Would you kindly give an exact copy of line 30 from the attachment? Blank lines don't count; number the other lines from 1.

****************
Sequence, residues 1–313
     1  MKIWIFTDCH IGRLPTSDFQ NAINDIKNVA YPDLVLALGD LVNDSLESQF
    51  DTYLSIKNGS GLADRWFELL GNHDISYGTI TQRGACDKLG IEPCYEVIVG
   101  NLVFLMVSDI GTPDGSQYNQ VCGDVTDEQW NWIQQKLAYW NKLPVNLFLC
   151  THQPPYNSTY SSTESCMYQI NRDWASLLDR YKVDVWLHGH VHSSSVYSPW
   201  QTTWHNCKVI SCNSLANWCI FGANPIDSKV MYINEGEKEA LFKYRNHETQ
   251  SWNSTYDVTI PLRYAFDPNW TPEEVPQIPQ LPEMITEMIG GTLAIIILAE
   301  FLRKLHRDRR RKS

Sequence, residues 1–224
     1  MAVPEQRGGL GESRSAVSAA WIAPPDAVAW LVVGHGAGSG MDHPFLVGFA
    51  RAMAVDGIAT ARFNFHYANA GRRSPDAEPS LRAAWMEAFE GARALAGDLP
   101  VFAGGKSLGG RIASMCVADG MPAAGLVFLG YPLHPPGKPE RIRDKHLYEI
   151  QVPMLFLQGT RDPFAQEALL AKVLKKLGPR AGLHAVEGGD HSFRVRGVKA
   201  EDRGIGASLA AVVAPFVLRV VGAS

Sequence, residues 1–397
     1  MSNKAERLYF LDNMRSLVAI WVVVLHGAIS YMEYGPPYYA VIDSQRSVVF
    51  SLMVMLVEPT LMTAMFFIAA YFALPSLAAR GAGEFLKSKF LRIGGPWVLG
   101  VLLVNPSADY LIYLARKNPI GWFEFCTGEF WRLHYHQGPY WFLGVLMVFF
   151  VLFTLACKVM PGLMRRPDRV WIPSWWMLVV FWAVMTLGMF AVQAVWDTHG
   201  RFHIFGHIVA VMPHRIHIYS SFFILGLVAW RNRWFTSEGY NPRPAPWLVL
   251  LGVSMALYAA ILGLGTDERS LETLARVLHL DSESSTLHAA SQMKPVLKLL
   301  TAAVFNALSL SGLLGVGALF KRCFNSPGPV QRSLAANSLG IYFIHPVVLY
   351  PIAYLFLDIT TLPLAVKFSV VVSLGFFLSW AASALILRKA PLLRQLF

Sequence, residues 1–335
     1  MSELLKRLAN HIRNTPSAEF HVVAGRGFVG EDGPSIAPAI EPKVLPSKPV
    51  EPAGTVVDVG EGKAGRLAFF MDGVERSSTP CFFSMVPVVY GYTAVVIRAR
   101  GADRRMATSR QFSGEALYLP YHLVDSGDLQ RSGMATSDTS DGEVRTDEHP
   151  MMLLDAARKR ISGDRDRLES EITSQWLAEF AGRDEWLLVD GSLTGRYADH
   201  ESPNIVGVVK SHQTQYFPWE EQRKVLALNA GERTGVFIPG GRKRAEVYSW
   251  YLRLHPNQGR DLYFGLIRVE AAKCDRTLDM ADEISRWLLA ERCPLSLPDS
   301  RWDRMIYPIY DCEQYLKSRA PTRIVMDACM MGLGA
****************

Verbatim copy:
   251  YLRLHPNQGR DLYFGLIRVE AAKCDRTLDM ADEISRWLLA ERCPLSLPDS